Canadian abortion rights doctor Morgentaler dead at 90


Doctor Henlek “Henry” Morgentaler, Polish-born Canadian immigrant, has died of a heart attack on May 29th, 2013. He was a Nazi prison camp survivor, and became a physician and family planning doctor in Montreal in 1955. He presented a brief to the House of Commons in 1967 about illegal abortions, arguing that women had the right to safe, legal ones. He eventually began performing abortions in 1968. He was physically assaulted and jailed in Canada numerous times for his advocacy, but ultimately vindicated by society.

Morgentaler is practically single-handedly responsible for championing women’s reproductive rights in Canada, opening abortion clinics in defiance of the law, saving women’s lives for whom abortion was the only life-saving measure and being imprisoned for it after Morgentaler v. The Queen, where he was first acquitted then the acquittal was replaced by a conviction by the provincial appeal court in 1973. A retrial in 1975 acquitted him as well, while he was in jail. Pierre Trudeau passed an amendment that courts could not replace acquittal by jury with convictions, having instead to demand a new trial.

He is responsible for the case that caused the Supreme Court to overturn the national abortion laws in 1988, in R. v. Morgentaler (1988). That is Canada’s Roe V. Wade case, though the case itself was hotly disputed amongst the justices, and three opinions and a dissent were offered, each with no more than two signatures. As a result, no opinion could be used as precedent. However, regardless of this, the law was struck down as unconstitutional.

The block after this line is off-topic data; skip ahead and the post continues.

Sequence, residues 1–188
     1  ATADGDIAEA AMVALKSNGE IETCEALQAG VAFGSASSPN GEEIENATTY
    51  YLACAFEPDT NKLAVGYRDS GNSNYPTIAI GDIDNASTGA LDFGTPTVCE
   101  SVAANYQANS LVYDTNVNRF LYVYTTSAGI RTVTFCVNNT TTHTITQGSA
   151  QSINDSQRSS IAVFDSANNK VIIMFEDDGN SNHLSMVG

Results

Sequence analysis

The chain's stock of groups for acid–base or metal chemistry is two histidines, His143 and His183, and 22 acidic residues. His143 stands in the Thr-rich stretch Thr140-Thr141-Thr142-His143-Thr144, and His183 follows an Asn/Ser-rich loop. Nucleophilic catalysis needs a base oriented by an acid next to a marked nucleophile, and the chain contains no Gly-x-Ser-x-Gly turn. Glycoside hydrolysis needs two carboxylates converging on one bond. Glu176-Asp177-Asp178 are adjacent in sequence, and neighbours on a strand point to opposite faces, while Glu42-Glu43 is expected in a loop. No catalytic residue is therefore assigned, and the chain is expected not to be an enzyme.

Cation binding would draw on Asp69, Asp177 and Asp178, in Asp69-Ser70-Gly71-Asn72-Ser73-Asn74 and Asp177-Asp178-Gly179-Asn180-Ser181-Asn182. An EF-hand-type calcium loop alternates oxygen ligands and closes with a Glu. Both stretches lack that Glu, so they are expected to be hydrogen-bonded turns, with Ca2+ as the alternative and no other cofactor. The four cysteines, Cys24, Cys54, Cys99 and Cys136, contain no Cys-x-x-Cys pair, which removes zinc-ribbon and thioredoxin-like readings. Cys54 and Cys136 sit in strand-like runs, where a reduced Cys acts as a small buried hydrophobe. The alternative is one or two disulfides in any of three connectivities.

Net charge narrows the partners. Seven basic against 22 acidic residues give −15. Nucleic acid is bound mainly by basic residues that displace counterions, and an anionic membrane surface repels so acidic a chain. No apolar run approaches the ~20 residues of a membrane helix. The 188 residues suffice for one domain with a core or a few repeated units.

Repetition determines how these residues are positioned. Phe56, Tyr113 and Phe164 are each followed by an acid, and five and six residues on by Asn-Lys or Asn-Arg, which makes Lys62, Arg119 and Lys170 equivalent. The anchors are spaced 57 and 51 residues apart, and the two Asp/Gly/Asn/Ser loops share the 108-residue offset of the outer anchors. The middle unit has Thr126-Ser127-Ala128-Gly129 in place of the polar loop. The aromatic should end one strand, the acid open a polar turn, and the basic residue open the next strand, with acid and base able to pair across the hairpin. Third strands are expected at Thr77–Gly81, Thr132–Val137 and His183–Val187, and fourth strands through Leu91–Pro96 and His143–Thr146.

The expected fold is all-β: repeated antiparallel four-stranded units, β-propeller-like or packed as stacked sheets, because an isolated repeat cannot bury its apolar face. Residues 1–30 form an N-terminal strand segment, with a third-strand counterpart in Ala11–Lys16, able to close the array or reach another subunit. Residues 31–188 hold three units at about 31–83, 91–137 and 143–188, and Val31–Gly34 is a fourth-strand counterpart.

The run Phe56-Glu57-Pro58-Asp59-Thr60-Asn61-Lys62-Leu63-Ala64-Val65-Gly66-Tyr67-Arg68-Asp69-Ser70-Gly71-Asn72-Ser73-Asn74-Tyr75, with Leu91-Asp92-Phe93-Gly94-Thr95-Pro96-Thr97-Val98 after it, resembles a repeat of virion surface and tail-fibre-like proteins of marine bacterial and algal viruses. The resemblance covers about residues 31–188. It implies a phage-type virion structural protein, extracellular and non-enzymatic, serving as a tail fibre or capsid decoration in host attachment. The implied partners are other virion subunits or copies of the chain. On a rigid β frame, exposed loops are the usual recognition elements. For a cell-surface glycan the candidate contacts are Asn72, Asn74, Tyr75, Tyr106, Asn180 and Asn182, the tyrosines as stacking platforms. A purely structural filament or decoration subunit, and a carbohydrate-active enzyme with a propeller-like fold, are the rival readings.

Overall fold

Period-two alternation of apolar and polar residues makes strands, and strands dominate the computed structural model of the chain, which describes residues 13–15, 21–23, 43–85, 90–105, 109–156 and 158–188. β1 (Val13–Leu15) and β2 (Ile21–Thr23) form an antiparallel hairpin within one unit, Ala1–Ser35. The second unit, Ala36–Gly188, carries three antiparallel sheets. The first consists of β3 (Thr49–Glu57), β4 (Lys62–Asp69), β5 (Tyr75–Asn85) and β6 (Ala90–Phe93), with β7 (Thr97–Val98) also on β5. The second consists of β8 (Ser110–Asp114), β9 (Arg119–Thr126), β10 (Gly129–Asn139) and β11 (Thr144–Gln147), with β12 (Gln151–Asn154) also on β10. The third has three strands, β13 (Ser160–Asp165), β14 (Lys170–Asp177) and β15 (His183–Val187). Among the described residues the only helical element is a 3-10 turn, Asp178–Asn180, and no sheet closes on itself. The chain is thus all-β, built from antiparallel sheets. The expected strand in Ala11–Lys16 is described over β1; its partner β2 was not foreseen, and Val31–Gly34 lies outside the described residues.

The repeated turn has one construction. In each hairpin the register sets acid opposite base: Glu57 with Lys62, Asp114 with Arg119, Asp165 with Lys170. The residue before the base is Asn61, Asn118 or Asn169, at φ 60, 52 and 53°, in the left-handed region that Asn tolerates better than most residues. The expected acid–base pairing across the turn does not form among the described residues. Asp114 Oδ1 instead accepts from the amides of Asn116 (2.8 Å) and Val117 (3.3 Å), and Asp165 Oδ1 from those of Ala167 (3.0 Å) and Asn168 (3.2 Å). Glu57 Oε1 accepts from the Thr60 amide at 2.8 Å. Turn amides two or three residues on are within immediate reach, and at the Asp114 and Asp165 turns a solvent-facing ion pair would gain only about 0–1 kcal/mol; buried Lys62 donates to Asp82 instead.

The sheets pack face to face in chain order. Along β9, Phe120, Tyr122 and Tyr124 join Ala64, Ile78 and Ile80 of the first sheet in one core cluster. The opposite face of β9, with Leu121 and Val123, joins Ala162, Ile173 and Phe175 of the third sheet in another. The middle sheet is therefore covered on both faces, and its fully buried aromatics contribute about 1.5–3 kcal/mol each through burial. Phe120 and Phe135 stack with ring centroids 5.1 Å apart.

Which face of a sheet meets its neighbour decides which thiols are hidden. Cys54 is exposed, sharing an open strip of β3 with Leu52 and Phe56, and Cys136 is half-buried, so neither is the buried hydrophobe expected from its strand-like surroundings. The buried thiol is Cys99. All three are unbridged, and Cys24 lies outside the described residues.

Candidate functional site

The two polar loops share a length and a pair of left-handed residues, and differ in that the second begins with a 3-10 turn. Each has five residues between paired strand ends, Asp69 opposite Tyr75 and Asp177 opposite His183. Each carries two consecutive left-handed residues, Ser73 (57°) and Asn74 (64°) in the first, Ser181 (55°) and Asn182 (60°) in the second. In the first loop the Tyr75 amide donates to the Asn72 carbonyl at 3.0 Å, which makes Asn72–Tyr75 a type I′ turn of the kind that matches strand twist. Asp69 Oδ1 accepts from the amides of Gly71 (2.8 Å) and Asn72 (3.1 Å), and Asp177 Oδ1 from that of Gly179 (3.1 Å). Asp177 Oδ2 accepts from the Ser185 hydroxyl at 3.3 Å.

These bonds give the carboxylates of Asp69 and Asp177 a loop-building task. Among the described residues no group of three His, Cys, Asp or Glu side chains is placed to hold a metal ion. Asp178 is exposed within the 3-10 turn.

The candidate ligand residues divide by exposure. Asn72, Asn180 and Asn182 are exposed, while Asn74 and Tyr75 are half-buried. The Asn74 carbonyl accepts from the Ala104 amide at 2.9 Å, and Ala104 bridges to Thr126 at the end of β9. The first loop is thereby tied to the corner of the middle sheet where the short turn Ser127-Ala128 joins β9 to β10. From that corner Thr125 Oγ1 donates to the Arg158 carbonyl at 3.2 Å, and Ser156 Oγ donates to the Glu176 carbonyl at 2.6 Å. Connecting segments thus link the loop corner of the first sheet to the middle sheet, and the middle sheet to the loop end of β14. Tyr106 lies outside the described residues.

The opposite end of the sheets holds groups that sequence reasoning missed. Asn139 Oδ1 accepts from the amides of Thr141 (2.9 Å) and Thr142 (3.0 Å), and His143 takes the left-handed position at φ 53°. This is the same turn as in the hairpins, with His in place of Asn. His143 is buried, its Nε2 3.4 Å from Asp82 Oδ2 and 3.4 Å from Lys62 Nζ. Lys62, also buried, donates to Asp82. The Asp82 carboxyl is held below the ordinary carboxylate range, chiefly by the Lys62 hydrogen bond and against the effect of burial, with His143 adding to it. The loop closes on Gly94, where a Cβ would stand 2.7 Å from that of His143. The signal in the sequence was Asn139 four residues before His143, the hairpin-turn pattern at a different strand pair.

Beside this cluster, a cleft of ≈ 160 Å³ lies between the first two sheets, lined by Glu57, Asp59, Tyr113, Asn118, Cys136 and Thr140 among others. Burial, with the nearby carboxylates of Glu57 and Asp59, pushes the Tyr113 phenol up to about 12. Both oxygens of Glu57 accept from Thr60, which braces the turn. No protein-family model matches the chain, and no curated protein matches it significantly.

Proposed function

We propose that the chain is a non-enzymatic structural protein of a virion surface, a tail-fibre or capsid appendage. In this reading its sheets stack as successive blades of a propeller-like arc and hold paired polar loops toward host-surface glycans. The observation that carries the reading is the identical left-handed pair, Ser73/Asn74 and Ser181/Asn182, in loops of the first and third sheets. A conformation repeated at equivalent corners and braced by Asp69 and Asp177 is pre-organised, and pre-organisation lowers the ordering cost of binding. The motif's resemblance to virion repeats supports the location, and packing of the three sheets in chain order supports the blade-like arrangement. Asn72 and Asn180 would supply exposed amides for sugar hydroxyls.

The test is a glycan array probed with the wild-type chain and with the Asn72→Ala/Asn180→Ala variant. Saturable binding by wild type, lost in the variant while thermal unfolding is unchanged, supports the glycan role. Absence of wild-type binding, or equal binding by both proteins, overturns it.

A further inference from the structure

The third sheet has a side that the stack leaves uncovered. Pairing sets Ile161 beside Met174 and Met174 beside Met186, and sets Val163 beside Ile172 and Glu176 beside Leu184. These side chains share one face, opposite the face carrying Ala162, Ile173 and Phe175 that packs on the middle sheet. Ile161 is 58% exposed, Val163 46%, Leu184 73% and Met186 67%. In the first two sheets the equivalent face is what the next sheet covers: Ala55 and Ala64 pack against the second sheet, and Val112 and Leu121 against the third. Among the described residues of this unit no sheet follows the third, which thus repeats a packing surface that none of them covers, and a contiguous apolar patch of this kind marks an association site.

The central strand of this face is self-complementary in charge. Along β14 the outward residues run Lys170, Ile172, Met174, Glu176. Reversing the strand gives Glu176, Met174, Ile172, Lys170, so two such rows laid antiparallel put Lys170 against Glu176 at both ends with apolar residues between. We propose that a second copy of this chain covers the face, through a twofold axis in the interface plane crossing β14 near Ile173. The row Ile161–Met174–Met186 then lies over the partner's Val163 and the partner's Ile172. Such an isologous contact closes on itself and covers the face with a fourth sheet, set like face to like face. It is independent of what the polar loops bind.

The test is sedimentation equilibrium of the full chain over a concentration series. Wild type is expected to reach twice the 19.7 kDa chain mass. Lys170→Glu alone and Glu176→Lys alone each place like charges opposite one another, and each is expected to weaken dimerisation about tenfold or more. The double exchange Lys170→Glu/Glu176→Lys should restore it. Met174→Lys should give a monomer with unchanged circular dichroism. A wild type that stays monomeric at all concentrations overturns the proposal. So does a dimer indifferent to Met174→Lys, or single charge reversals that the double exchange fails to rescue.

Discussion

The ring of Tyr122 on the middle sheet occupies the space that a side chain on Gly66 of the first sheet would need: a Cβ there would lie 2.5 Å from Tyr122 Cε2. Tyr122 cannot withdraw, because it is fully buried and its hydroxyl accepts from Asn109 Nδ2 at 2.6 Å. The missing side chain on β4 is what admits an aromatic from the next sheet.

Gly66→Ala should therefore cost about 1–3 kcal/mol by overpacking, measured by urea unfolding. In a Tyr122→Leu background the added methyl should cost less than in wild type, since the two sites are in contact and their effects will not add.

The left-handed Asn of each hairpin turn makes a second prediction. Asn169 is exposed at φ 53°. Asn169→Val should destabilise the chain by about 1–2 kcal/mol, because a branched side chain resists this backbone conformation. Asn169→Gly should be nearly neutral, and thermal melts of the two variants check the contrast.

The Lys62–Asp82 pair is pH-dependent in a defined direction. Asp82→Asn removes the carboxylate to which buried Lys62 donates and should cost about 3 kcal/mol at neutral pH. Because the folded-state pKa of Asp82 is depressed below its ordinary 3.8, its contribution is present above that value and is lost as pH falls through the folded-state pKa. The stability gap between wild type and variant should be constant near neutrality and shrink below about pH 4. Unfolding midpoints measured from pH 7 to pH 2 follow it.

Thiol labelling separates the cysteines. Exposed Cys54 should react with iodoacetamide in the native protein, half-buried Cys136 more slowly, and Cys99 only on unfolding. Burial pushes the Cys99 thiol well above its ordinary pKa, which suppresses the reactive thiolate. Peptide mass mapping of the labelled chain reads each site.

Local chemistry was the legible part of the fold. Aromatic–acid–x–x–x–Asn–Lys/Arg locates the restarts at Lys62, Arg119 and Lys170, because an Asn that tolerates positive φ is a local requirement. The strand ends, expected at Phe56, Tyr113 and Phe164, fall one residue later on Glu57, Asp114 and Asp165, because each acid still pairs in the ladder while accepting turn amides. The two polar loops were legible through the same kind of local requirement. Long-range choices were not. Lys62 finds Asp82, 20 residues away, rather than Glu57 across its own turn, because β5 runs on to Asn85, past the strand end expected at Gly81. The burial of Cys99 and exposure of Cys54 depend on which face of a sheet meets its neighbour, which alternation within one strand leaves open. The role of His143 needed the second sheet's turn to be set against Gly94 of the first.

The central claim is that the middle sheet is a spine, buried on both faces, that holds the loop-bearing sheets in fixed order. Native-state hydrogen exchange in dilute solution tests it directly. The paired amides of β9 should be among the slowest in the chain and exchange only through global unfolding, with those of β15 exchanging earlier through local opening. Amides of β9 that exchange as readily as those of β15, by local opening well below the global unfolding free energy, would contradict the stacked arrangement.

This set up R. v. Morgentaler (1993), when Henry set up an abortion clinic in Nova Scotia. The provincial government immediately passed a law outlawing abortion (as well as liposuction and other procedures), under the rubric of fighting privatized health care clinics, enacting fines for violation. The Supreme Court saw through what they described as the “smokescreen”, and quoted incautious politicians who drafted the bill as saying that abortion was an “evil” that should be eliminated. They treated the case as a federalism issue, that provinces were trying to enact laws that had been struck down as unconstitutional at the federal level. Moreover, these laws were effectively criminal laws by enacting fines, which is the domain of the federal government.

Since then, though many Conservative governments have attempted to re-criminalize abortion, none have succeeded. Morgentaler was awarded the Order of Canada in 2008, over Stephen Harper’s protestations that the order should be given to someone who “really brings Canada together”. In my view, leading the charge in reproductive rights at great personal risk and great personal cost is something that SHOULD unify all Canadians.

But you know as well as I do where these protestations of Harper’s come from; what the true divisive force is between progress and conservatism.

Comments

  1. left0ver1under says

    In a way, Morgentaler was to Canada as Jack Kevorkian was to the US. Both opened the discussion of putting individual freedom above the control of the nanny state.

    Just for the heck of it, here’s “Your Friend”, a great song by the Canadian indie band Me Mom & Morgentaler, which obviously named themselves after him.

  2. dsgqrhqethyehyreghfe says

    I can’t say I’m too enthused about a song in which the singer spends the entire time saying that he doesn’t want to be someone’s friend. With a title like “Your Friend” I expected something about valuing friendship instead of rejecting it.

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